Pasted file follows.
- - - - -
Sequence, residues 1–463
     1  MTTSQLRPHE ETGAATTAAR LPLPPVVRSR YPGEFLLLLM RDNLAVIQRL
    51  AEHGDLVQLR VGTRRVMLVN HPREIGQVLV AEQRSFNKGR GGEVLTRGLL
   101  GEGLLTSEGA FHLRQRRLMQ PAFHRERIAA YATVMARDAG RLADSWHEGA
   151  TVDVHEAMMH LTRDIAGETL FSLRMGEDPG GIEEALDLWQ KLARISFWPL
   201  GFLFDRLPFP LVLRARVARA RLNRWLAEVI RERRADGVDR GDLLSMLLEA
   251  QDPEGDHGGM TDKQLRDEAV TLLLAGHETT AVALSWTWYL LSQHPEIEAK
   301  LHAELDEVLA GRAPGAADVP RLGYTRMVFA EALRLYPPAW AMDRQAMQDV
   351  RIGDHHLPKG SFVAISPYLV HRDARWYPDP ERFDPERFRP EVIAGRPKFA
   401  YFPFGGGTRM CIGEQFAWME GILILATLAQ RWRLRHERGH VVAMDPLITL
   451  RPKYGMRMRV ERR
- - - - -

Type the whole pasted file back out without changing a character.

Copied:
Sequence, residues 1–463
     1  MTTSQLRPHE ETGAATTAAR LPLPPVVRSR YPGEFLLLLM RDNLAVIQRL
    51  AEHGDLVQLR VGTRRVMLVN HPREIGQVLV AEQRSFNKGR GGEVLTRGLL
   101  GEGLLTSEGA FHLRQRRLMQ PAFHRERIAA YATVMARDAG RLADSWHEGA
   151  TVDVHEAMMH LTRDIAGETL FSLRMGEDPG GIEEALDLWQ KLARISFWPL
   201  GFLFDRLPFP LVLRARVARA RLNRWLAEVI RERRADGVDR GDLLSMLLEA
   251  QDPEGDHGGM TDKQLRDEAV TLLLAGHETT AVALSWTWYL LSQHPEIEAK
   301  LHAELDEVLA GRAPGAADVP RLGYTRMVFA EALRLYPPAW AMDRQAMQDV
   351  RIGDHHLPKG SFVAISPYLV HRDARWYPDP ERFDPERFRP EVIAGRPKFA
   401  YFPFGGGTRM CIGEQFAWME GILILATLAQ RWRLRHERGH VVAMDPLITL
   451  RPKYGMRMRV ERR